Career Considerations for Lawyers During a Turbulent Market with David Lat
In this episode of On Record PR. We’re going on record with David Lat, managing director of Lateral Link. David is also the founding editor of Above the Law, an award-winning website about the legal profession that reaches more than one million unique visitors a month.
More About David Lat
David’s writing has appeared in the New York Times, the Wall Street Journal, and the Washington Post among other publications. Prior to Above the Law, he launched Underneath Their Robes, a blog about federal judges. David’s first book, “Supreme Ambitions,” a novel, was published in 2014. In 2019, David left full-time journalism to enter legal recruiting. Today, he works as managing director in the New York office of Lateral Link, a leading legal search firm. Before entering media and recruiting, David worked as a federal prosecutor in Newark, New Jersey, as a litigation associate at Wachtell, Lipton, Rosen & Katz in New York, and as a law clerk to Judge Diarmuid F. O’Scannlain of the U.S. Court of Appeals for the Ninth Circuit. David graduated from Harvard College and Yale Law School where he served as an editor of the Yale Law Journal. Today, he lives in New York City with his husband and their two-year-old son.
This episode was recorded in late May and heading into June, 2020. We’re still in the coronavirus pandemic. We thought this was going to be over by now. It’s not. And in fact you have been a victim of COVID-19.
David Lat: Yes, that’s right.
I don’t want to spend the whole time with you talking what you’ve told so many other media outlets, but I do want to set the stage for and be empathetic to what you’ve been through. So can you tell us a little bit about where you were and where you are today as it relates to coronavirus?
In early March, I started to get symptoms of COVID-19. I wasn’t sure it was COVID-19 at the time. It was still early March, and most of the media reports were focused on cases in the West coast, particularly Washington state. There were maybe just 50 or so confirmed cases in New York, by the time I started feeling a bit of fatigue fever and chills. As that first week wore on, I started to get shortness of breath and a dry cough, which were also symptoms of COVID-19, and I began to think that maybe I did have the coronavirus. I went to my local emergency room. I was tested, and it turned out I was positive with COVID-19. I ended up spending about 17 days in the hospital. For the first few days I was fairly stable, but on the Friday of my hospital stay I started to take a turn for the worse.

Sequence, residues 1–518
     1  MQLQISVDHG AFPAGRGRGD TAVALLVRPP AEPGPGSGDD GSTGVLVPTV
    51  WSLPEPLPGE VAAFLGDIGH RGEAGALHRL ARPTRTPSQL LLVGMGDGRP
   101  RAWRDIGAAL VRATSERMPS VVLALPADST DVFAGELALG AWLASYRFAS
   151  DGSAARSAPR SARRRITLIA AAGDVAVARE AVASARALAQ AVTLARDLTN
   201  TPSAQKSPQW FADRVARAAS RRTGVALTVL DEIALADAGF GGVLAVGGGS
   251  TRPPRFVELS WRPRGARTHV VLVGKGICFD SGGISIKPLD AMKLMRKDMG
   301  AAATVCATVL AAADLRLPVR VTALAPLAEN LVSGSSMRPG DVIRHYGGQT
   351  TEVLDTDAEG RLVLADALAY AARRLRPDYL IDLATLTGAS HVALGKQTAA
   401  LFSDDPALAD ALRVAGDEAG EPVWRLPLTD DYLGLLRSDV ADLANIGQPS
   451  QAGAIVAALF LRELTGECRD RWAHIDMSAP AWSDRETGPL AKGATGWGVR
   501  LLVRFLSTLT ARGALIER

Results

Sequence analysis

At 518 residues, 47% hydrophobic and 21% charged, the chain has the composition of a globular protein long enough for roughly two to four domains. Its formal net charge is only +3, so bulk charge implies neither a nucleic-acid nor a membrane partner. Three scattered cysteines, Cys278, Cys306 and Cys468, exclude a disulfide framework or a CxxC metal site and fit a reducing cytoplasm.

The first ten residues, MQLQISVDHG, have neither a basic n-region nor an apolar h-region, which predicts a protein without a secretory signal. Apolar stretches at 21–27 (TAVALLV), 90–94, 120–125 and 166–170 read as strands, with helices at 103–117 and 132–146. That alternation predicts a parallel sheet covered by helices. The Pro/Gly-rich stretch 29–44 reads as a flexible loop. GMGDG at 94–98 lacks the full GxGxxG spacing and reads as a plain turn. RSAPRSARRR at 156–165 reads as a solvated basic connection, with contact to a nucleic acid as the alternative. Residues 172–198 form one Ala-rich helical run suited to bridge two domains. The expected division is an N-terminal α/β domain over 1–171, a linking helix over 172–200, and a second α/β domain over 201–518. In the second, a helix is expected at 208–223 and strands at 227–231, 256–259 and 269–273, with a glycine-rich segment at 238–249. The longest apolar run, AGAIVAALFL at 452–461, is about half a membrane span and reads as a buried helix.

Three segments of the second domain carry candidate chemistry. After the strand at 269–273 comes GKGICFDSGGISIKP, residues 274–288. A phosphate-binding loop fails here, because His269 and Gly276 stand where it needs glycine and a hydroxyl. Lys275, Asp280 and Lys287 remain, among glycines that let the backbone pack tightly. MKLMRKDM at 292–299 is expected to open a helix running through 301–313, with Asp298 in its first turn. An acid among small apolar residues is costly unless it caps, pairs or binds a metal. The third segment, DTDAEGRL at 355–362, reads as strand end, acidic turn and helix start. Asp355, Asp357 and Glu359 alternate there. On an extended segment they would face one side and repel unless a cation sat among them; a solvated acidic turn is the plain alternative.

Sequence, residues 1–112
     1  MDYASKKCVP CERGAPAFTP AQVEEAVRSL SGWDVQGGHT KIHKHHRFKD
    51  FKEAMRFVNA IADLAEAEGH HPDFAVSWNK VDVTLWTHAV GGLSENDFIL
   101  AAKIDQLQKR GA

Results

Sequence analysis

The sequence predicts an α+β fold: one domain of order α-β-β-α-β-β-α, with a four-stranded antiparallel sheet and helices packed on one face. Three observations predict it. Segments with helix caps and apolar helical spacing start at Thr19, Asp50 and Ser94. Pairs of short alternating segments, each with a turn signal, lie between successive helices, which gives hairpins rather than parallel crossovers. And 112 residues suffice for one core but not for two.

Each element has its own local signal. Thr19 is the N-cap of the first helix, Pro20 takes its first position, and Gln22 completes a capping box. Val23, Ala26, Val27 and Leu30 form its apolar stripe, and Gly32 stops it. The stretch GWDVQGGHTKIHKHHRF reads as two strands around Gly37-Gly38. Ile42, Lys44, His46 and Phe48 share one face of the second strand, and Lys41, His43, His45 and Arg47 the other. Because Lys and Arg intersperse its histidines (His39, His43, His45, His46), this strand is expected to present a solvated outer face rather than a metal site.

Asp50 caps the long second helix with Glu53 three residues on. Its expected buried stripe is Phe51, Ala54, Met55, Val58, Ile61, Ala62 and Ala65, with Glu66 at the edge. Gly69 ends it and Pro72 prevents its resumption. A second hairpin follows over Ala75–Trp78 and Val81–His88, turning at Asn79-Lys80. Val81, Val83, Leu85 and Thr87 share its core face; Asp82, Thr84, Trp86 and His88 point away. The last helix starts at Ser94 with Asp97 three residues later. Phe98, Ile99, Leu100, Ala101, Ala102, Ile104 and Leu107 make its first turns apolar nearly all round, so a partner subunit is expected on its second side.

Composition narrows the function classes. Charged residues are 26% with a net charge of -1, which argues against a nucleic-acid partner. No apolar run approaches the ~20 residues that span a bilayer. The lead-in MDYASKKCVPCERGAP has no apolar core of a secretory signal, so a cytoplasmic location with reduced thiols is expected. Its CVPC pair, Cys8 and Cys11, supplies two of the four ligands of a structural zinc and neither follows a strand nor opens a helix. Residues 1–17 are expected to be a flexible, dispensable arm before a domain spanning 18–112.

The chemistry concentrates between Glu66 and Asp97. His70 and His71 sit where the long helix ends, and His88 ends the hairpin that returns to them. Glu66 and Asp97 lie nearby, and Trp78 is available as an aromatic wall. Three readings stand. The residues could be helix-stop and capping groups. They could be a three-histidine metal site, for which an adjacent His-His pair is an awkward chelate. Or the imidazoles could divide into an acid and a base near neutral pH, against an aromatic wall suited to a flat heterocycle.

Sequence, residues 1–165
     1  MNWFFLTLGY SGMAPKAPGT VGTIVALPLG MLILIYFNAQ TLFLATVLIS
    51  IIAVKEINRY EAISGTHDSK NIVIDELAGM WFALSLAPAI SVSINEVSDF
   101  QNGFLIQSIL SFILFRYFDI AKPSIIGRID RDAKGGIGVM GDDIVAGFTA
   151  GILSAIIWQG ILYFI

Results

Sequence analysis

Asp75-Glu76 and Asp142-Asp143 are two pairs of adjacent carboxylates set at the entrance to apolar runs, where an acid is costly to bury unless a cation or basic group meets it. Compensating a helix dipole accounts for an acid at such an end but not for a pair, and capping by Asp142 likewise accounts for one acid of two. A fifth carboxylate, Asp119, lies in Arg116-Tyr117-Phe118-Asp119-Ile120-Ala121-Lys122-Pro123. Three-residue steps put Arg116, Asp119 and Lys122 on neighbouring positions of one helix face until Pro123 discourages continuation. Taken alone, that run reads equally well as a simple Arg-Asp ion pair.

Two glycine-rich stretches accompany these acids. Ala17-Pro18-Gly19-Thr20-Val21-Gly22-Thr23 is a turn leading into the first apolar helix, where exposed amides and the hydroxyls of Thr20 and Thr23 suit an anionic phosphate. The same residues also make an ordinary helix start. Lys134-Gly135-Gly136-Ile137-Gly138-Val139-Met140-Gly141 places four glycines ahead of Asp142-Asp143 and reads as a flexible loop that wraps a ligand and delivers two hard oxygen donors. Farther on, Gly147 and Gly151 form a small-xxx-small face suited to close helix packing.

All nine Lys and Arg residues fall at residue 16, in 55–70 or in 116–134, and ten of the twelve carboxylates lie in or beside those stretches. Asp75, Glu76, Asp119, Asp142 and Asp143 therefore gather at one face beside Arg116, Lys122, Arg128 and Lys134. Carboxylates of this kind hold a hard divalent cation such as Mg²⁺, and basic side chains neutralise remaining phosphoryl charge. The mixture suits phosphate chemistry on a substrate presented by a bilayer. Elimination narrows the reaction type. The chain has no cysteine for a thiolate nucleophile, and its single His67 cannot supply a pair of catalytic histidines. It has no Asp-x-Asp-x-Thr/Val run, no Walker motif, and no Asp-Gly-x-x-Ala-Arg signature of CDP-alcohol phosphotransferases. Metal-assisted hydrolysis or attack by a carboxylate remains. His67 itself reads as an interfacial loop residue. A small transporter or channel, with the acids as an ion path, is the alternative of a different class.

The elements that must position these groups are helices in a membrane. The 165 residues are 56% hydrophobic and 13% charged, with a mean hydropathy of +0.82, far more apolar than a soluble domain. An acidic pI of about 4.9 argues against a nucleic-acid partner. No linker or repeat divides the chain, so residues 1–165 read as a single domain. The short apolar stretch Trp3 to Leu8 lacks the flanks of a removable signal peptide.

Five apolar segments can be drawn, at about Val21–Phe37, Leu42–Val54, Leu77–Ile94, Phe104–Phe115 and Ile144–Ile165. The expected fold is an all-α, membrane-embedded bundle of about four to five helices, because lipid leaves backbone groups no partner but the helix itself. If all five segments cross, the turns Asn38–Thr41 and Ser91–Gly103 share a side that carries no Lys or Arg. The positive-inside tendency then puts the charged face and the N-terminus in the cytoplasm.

My oxygen levels dropped, my lungs filled with fluid, and I had to be put on a ventilator. I was on the ventilator in critical condition in the ICU for about six days. Fortunately, I came off the ventilator, and I was able to breathe on my own, which isn’t always the case for folks who go on ventilators. About a week later after I was able to breathe again on my own, I was discharged from the hospital. That was on April 1. A little more than two months later and I’m doing a lot better. I haven’t fully recovered. My voice is still a little bit hoarse from damage to my vocal chords from the ventilator. I still have a little cough, I still have a little shortness of breath, but the symptoms are getting better each week, and I am definitely on the med. It is very good to be here.
Well, thank God. You were in my prayers and the prayers of many that I know, and especially in the legal community, you’re very well-known. Early on you founded Above the Law and that’s really a huge accomplishment. Tell us a little bit about why you founded it, what it was about and where it is today.
I launched Above the Law in 2006, the summer of 2006, which was 14 years ago. My goal in launching above the law was to bring greater transparency to the often opaque legal profession. My first blog, Underneath their Robes, was about demystifying the federal judiciary. With above the law, I wanted to do that writ large, so talking about law firms, law schools, and also continuing to talk about the judiciary. The site has grown over the years in terms of both staff and leadership. And now thanks to recent events, which has really thrown the legal profession into turmoil, it’s actually getting its highest traffic ever. Now it’s more like one and a half million unique visitors a month. A lot of people both inside the legal profession and outside of it do turn to Above the Law for information and analysis of what is going on.
But there’s something very specific with Above the Law. It really seems to be one of the outlets that has caused the industry to have to be more transparent in the way they communicate externally. Would you agree with that?
Absolutely. I think that one thing we did at Above the Law was give a voice to the many people who work inside large law firms. For example, many of our sources, associates and staff who work at large firms report to us on what’s going on inside their workplaces, and their voices weren’t always heard. A lot of the time when a law firm is featured, there other quotes from the managing partner that are shared but not necessarily the people who are more rank in file. At Above the Law, we wanted to give voice to those folks and let them share their stories of what is truly going on inside their firms.
When you were there and getting pitched all the time, what was one of your favorite pitches? What was something that would grab your attention?
I think one thing that people should understand about the site is it is very much a site by lawyers. All the writers are pretty much lawyers by training. For lawyers and about lawyers. So, there are stories that might not be big enough to fit into a New York Times or Wall Street Journal story, but they fit very comfortably into the pages of Above the Law.
Here’s one example. This is a story I actually wrote back in December. I had already left Above the Law full time, but I still write for the site. I write a column as editor emeritus every two weeks. This was a story looking at lawyer Miles Ruthberg, who is a long-time litigation partner at Latham. He’s now of counsel as of January of this year.